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Access Answers: Episode 22

The Changing Workforce with Char Pitts

Access Answers: Episode 22

Recruiter Char Pitts joins Access Answers to discuss trends in the changing workforce, including remote work, the Great Resignation, and how they are affecting organizations.

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TRANSCRIPT

Episode 21: Demystifying AI with Glen Hilford

Julia:

Welcome to another episode of Access Answers. I’m your host, Julia Vergara with Angela O’Pry. And today we are excited to discuss AI with an AI expert.

Angela:

None other than Glen Hilford, our Vice President of Corporate Development. As Julia mentioned, he’s an AI expert and also a wine connoisseur. So we’ll make sure to get some recommendations from Glen at some point in the podcast. Welcome Glen.

Glen:

Thank you, Angela and Julia. It’s a pleasure to be here today.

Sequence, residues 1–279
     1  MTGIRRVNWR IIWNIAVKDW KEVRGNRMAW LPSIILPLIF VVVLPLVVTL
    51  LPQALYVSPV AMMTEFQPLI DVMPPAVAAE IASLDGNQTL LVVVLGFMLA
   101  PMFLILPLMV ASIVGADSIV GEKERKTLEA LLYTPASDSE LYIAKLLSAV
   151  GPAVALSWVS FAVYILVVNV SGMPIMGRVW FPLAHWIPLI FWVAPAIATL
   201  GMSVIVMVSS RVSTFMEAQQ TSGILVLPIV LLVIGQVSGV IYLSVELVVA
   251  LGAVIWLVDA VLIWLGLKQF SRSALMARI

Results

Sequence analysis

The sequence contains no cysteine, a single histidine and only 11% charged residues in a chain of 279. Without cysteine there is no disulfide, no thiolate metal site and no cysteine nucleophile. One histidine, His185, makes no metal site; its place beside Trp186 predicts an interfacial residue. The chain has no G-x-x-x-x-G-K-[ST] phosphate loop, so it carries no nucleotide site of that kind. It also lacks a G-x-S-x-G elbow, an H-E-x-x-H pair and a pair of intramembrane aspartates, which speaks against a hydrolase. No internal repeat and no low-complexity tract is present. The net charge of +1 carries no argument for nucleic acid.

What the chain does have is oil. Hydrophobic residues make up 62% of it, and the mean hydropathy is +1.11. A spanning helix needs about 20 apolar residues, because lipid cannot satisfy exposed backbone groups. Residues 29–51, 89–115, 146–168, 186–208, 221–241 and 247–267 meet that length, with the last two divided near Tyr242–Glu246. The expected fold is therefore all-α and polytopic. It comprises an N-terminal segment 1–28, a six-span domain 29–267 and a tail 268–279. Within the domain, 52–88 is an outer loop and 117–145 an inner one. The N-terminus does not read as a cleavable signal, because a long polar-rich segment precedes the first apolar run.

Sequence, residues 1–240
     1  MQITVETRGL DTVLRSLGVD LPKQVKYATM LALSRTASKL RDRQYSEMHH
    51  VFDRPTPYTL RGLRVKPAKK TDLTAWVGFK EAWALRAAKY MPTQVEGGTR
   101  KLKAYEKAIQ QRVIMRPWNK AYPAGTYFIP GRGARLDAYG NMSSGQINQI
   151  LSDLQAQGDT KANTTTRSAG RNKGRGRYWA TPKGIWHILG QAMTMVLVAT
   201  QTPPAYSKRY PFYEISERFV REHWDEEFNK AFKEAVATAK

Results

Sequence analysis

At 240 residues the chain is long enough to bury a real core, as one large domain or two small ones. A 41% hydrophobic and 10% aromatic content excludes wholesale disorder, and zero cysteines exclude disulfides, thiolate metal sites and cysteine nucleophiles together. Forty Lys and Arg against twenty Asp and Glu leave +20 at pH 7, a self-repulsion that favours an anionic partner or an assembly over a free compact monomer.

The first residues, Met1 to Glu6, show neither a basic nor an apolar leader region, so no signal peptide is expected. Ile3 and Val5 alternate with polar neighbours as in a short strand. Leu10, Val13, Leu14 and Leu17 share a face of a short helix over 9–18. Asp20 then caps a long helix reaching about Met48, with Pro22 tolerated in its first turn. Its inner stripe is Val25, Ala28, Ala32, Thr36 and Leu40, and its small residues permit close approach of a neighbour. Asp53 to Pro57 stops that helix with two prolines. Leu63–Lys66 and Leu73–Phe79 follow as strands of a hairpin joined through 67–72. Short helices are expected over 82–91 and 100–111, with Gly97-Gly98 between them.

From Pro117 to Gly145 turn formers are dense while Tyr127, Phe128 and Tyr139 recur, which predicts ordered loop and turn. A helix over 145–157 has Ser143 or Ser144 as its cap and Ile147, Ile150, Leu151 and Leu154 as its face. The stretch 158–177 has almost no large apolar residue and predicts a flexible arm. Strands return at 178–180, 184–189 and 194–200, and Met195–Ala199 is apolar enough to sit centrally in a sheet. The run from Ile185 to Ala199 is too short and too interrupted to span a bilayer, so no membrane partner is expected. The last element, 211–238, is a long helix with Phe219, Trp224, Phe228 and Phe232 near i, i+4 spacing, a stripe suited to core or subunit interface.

Angela:

All right, Glen. So before we get into all exciting things AI-related, tell us a little bit about who you are, how you came to be an AI expert and what led you here today?

Glen:

Well, it’s been an interesting journey. I started in the technology field and primarily worked in industry before joining Access Sciences. While in industry, I was exposed to AI, even though at the time I didn’t realize it was artificial intelligence. It was just a unique and somewhat novel way to find value out of information. And we’ve done some amazing things with it in industry. After leaving industry, I joined Access Sciences and brought that information or that knowledge into the organization.

Julia:

So today it’s clear that AI is everywhere. You hear about it constantly at home, in the news, in business. What are your thoughts on its popularity or hype as it will relates to organizations and business?

Glen: